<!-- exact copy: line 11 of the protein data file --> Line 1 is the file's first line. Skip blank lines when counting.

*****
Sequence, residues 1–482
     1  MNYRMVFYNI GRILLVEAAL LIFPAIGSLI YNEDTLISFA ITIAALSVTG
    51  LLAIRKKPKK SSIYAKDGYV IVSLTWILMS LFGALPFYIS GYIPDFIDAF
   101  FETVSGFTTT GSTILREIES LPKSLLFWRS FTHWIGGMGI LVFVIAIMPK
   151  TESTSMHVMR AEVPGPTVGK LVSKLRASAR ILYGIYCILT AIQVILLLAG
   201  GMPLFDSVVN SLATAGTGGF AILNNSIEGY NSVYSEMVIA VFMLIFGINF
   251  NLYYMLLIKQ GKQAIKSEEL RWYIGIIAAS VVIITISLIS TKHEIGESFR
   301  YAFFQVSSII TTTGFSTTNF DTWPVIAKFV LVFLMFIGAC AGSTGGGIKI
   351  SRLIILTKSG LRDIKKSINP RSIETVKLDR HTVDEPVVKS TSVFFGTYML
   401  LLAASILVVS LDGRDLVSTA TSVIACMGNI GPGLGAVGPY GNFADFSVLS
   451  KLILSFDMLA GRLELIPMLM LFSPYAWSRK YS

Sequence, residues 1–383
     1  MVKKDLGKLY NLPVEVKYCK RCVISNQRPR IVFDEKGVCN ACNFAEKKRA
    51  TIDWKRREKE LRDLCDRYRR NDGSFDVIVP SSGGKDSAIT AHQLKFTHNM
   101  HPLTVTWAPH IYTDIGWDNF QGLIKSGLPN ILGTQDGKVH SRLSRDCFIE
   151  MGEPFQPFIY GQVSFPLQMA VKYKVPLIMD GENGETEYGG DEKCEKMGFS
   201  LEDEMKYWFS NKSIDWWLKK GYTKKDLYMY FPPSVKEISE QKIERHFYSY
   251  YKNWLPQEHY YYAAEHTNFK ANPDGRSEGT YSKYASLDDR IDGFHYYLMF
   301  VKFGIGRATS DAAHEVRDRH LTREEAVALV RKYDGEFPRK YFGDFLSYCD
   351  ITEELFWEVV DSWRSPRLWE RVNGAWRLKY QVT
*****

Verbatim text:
   451  KLILSFDMLA GRLELIPMLM LFSPYAWSRK YS